April 19, 2022

Faithspotting "One Flew Over the Cuckoo's Nest"

Faithspotting "One Flew Over the Cuckoo's Nest"

In the first of three episodes looking at Christ Figures in film, Kenny and Mike look at the multiple Academy Award winning film based on Ken Kesey's 1962 novel.  One Flew Over the Cuckoo's Nest was the second film (It Happened One Night 1934)...


In the first of three episodes looking at Christ Figures in film, Kenny and Mike look at the multiple Academy Award winning film based on Ken Kesey's 1962 novel. 

One Flew Over the Cuckoo's Nest was the second film (It Happened One Night 1934) to sweep the major Academy Awards by winning Best Picture, Best Director for Milos Forman, Jack Nicholson and Louise Fletcher winning Best Acting Oscars and Best Adapted Screenplay for Lawrence Hauben and Bo Goldman. 

Christ Figure Elements: 

Long a literary and film technique, Christ Figures are characters that exhibit several attributes and or teaching of Jesus and have impact on other character and narrative arcs. While the attributes of Christ are seen in the Christ Figure characters, their attributes and characteristics are not to be projected onto Jesus. 

 

In both the novel and film, One Flew Over the Cuckoo's Nest, presents the main character, Randall P. McMurphy as a Christ Figure. As Jesus was an outsider to the Temple establishment and leaders, McMurphy is an outsider to the hospital and the ward he is assigned to. The incarnational aspect of McMurphy is lifted up in the comparison between his dwelling among the ward, with the men, and nurse Rachet who is typically separated from the men, either through the glass window to the nurse's station, her gazing down on the men when they are in the yard, and her coming and going to and from the hospital.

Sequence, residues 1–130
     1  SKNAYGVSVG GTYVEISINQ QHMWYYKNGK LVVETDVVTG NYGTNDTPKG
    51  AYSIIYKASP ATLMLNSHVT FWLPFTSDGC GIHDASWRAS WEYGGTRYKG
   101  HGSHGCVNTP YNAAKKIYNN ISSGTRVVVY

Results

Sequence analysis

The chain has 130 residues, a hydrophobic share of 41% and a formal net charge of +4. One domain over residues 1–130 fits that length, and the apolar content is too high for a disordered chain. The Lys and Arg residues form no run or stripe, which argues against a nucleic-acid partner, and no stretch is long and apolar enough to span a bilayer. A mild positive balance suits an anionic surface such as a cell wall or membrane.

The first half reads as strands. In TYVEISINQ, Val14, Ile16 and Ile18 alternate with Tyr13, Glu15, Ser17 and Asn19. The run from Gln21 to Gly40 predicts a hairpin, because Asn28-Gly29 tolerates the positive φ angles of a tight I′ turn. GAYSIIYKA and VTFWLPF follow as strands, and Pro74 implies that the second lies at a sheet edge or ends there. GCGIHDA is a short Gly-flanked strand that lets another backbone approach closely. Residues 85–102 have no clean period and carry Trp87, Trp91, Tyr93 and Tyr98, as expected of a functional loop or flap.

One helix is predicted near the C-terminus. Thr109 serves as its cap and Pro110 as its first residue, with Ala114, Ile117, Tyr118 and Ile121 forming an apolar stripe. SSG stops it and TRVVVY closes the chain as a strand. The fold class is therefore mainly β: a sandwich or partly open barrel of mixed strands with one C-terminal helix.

Nurse Rachet is threatened by McMurphy's arrival and impact in the ward. and serves as a Pharisaic character in her opposition to the unconventional yet productive therapeutic relationship McMurphy establishes with the men in the ward. When forced to choose between her power or the health and welfare of the patients, she chooses to maintain the status quo and her position.

McMurphy sees the other patients as persons who have the potential to be greater than they are seen, judged, treated in the hospital. Most of the men in the therapy group serve as disciple figures and are transformed and given a new voice through their encounter with McMurphy.

McMurphy's attack of Nurse Rachet at the end of the film is obviously not of Christ, but his decision to remain when he could have escaped reflects the decision Christ made to remain in the Garden of Gethsemane and be arrested on Thursday night of Holy Week. 

As Jesus was buried in a tomb following his death, McMurphy provides new life to Chief who reflects the resurrection when he breaks free the tomb that was the hospital and the death that was his anxiety and fear of life.

There is nod to Judas' betrayal of Jesus by Billy who names McMurphy as the one who made him sleep with one of the women they snuck into the dorm.  

The depiction of Nurse Rachet following the attack offers a hint that she experienced a transformation in her care for the patients.